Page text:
Before the opening of the Year of Saint Paul
Fr. IRENEUSZ SKUBIŚ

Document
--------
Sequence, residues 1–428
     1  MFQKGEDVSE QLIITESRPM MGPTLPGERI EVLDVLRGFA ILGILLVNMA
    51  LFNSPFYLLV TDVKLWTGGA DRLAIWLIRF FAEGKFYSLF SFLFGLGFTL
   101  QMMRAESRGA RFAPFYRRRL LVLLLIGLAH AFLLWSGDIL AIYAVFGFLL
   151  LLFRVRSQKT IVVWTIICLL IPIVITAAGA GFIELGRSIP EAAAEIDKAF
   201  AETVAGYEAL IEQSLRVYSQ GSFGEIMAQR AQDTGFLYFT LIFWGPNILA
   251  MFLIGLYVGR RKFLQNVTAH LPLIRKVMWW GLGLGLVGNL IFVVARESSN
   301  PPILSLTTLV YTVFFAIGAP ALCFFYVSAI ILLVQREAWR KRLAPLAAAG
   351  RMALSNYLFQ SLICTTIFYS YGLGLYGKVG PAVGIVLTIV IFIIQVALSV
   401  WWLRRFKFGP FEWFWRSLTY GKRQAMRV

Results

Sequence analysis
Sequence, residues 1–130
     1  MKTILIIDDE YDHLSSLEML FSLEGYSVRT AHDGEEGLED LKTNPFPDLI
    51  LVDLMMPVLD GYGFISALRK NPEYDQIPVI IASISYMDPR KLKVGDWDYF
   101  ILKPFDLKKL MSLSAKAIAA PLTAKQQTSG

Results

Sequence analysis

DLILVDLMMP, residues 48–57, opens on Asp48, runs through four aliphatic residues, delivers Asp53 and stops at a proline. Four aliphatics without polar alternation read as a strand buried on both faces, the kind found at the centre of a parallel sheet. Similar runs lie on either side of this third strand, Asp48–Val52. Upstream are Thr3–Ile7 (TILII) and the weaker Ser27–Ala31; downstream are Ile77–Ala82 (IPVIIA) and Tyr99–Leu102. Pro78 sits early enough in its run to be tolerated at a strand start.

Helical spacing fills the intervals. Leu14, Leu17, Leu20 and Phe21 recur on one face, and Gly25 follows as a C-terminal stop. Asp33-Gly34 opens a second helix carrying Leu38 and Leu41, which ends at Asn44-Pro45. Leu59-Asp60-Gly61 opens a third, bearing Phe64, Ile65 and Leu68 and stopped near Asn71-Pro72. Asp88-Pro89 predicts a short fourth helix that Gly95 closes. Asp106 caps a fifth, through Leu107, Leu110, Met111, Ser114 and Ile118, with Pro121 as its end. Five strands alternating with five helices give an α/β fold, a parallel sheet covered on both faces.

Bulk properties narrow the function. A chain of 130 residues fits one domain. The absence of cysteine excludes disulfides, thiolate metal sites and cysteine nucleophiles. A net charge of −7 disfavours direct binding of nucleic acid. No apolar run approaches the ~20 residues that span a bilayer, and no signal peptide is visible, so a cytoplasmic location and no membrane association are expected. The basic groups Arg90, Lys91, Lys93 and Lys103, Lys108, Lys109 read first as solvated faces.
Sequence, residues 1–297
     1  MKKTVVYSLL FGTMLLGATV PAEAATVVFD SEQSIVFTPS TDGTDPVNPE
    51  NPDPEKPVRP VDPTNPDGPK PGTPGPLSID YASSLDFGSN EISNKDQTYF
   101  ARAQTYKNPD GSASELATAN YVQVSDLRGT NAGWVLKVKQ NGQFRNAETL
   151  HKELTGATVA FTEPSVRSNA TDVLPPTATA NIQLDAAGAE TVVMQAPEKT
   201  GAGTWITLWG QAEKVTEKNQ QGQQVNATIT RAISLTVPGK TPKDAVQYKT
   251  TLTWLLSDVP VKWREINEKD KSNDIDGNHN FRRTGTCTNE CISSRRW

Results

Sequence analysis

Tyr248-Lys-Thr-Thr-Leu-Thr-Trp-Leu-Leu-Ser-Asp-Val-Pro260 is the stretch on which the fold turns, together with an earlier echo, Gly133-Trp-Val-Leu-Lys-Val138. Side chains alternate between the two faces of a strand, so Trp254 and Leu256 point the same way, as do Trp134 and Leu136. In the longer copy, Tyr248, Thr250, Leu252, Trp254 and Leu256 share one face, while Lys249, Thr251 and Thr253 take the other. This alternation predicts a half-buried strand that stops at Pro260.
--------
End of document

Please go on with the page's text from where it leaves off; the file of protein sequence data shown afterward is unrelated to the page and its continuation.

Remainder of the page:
The statements of St Paul, included in his powerful Letters, have extraordinary meaning. Since the Gospel requires fire, which could set on fire other people. Saint Paul himself was such God’s fire, carrying Christ to people; he was a torch burning for him. The Church will begin the Year of Saint Paul on 28 June 2008. I am personally thankful to the Holy Father Benedict XVI for turning our attention to the Apostle to the Nations. St Paul received all his apostolic knowledge from Christ himself. The other Apostles walked with Jesus, listened to his teaching, observed the activities of the Master, but St Paul did not. As Saul he was struck near Damascus and lost his sight. He asked, ‘Who are you, Lord?’ And Christ answered him, ‘I am Jesus, and you are persecuting me’ (cf. Acts 9:5). We followed the conversion of Saul depicted in the Acts. From that moment he began proclaiming Christ. That knowledge about the Saviour was poured straight into his heart and mind. Thanks to Jesus’ intervention Paul became one of the Apostles, the preachers of the Gospel. This is strange and we do not always realize that Jesus acted through Paul in a marvellous way so that he became the Apostle to the Nations. He went to the Gentiles and proclaimed Christ everywhere, with great determination and total dedication to the Lord. Today, when the world has become a global village we look at evangelisation as something that is somehow ordinary and possible to do. But one should see it in the context of two thousand years of the Church’s existence, especially in the context of the activities of the Apostles and early Christians. Their faith was extraordinary, consistent; they faithfully endured to the end and gave witness to Christ. St Paul organized three powerful missionary journeys (see the Acts). He submitted his freedom and all his activities to the feeling of responsibility for the whole Church. He proclaimed the Crucified and Resurrected Christ and his proclamation was the joyful Good News about the Messiah – the Saviour. All the Apostles took part in that proclamation. One section of the apostolic work was the Gospel narrative – the transmission of the Bible, and the other was the dogmatic and moral content, mainly included in the Letters of St Paul who interpreted God’s teaching. The early Church used that teaching to create the framework for theology. Since the story of Jesus itself, depicted in the Gospels, does not systematize the knowledge concerning God. Only on the basis of the Acts and the Letters as well as the Revelation we can see the whole picture and the Church could make deep theological reflections. Therefore, St Paul laid foundation for Christian theology – the systematized knowledge about God, based on the life and teaching of Jesus, referring to the prophetic stories of the Old Testament that are full of God’s wisdom. Thanks to the bonds, which St Paul provided, the theological expression of Christianity became consolidated and integrated. St Paul’s teaching is full of joy and hope. He zealously proclaimed his Lord but also transformed his teaching to concrete life, creating the foundations of Christian morality. Today, the times are not easy for Christianity. There are many activities of various forms of gnosis that would like to soften the Christian thought so that it was not complete and uniform. Therefore, it is important to return to St Paul, the Apostle to the Nations, who shows the desire to follow Christ and encourages us to deepen the Christian doctrine. Beginning the Year of St Paul we have an occasion for deep reflections concerning Christianity and looking at Christ anew. How prudent John Paul II was when, at the threshold of the Third Millennium, he encouraged the Church to look at Christ and adore him. Since he is the image of God who comes to save us, of God who is a personal God. The request to adore Christ is an encouragement to conversion and a deep experience of Christian faith as well as it urges us to continue the mission of all Jesus’ apostles – to proclaim the Good News to all the nations on earth, following his words, ‘Go, therefore, make disciples of all the nations’ (cf. Matthew 28:19). Our times, which provide so many opportunities to proclaim the Gospel, should be a challenge for us. And St Paul should effectively inspire us to that.